Debate On National Women's Day
 Remarks By Mrs Connie Zikalala MP on the Theme
"Working Together for Equal Opportunities
and Progress for All Women"


Parliament: Wednesday, 11 August 2010



Honourable Speaker:


National Women's day must always be the day upon which the women of South Africa, the women who are the very rose petals of our society, are honoured and thanked for the untold selfless work and sacrifices that they have endured to make this great nation what it is today.


We in the IFP believe that women are truly, and for the most part the unsung heroines of our nation's history - the mothers, the carers, the wives, the daughters and the grandmothers, in addition to being, in some cases, breadwinners and in most cases, contributors to household income. They are truly the most precious asset of any nation and as such they should be treasured and accorded the respect that they deserve.


Yet unfortunately the reality remains far from the ideal.


Many women still live and raise families in abject poverty. They run households with no water, no sewage systems and no electricity. These women, especially the sole breadwinners and the single parent mothers, must be identified and assisted by the State in their fight to provide a better future for their children.


Women remain victims of domestic violence and abuse. The Domestic Violence Act has failed them due to the poor implementation of the Act and lack of knowledge by Police Officers in assisting them.


Women's groups around the country are also revealing how apathetic South Africans can be towards domestic violence within their communities. Neighbours often turn a blind eye to women being abused by their partners, as they reason that this is none of their business. This culture of quiet acceptance is wrong and must change. Children must be educated early on as to what is acceptable behaviour in this regard. Our sons must be taught that real men don't abuse women.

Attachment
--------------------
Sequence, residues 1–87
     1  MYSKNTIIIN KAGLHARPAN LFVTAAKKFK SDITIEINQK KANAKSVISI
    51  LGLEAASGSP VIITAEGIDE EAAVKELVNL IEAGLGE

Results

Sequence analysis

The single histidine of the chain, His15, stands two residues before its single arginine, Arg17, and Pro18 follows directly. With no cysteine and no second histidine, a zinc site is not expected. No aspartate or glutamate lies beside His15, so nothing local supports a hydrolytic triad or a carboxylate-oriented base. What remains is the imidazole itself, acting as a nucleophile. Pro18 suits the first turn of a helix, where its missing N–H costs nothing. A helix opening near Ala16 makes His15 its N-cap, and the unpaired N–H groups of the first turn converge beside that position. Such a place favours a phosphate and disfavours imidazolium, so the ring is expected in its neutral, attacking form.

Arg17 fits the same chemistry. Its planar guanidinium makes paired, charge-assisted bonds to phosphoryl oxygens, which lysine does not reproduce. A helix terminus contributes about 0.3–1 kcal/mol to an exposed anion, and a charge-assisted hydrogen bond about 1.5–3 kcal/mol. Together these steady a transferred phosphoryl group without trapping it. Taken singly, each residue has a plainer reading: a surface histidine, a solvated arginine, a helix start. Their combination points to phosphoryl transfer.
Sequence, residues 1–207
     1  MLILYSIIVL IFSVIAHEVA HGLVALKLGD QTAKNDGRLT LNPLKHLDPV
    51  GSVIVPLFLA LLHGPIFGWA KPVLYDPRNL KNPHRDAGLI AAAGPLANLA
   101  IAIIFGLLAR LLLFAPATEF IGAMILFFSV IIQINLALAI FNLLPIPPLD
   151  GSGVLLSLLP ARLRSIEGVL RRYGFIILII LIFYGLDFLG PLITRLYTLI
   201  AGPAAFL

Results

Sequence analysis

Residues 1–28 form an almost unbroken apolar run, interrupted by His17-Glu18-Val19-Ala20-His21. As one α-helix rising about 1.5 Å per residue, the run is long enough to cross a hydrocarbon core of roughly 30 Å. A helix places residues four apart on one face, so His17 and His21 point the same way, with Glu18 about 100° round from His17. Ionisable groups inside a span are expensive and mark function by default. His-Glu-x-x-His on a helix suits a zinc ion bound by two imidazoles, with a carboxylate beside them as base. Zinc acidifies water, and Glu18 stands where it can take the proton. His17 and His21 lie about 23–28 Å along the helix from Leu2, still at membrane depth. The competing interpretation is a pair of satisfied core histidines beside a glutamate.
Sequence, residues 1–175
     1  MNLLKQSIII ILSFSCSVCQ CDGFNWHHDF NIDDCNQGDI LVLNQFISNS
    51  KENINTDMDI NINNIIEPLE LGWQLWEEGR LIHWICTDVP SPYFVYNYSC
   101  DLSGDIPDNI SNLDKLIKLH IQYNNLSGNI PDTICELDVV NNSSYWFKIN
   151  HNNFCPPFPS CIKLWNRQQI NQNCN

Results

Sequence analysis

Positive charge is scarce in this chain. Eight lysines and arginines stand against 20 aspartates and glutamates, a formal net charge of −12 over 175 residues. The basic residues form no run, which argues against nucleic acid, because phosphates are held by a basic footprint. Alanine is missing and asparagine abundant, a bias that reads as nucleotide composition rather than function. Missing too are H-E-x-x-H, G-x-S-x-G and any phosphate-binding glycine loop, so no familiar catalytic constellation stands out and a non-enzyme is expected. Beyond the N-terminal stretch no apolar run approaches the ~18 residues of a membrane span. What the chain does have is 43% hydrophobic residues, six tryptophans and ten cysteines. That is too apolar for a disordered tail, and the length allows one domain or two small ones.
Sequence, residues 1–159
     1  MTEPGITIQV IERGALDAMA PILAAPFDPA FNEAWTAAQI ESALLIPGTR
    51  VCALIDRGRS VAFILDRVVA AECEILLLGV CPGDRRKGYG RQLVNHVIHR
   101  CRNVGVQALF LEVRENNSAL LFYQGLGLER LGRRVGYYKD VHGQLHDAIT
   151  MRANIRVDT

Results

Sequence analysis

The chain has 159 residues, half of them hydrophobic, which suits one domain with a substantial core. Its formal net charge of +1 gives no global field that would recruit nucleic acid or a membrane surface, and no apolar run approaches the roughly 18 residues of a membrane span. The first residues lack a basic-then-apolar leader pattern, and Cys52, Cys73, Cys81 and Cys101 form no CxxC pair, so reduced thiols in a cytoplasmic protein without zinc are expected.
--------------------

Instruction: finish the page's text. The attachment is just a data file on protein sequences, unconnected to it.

Teenage pregnancy is another issue that must be addressed by the Department of Education and social welfare. An unplanned pregnancy is not in any way desirable for a young woman who is still at school. Once again we must educate our children so that situations like this are minimized, as in most cases both the mother and the child suffer unnecessarily; the mother having to leave school or get a sub-standard matric and the baby being born into an unsuitable environment. 


Human trafficking and the forced prostitution of women is yet another sign of our decaying global culture. We in South Africa must show the world that this is totally unacceptable in our country and I therefore urge our Ministers of Police and Justice to deal most resolutely with perpetrators of this hideous crime.


In ending I would like to say that we should RESPECT A WOMAN BECAUSE....


You can feel her INNOCENCE in the form of a daughter


You can feel her DEDICATION in the form of a wife


You can feel her DIVINITY in the form of a mother


You can feel her BLESSING in the form of a grandmother




I thank you.


Contact: Mrs Connie Zikalala MP, 083 282 8384.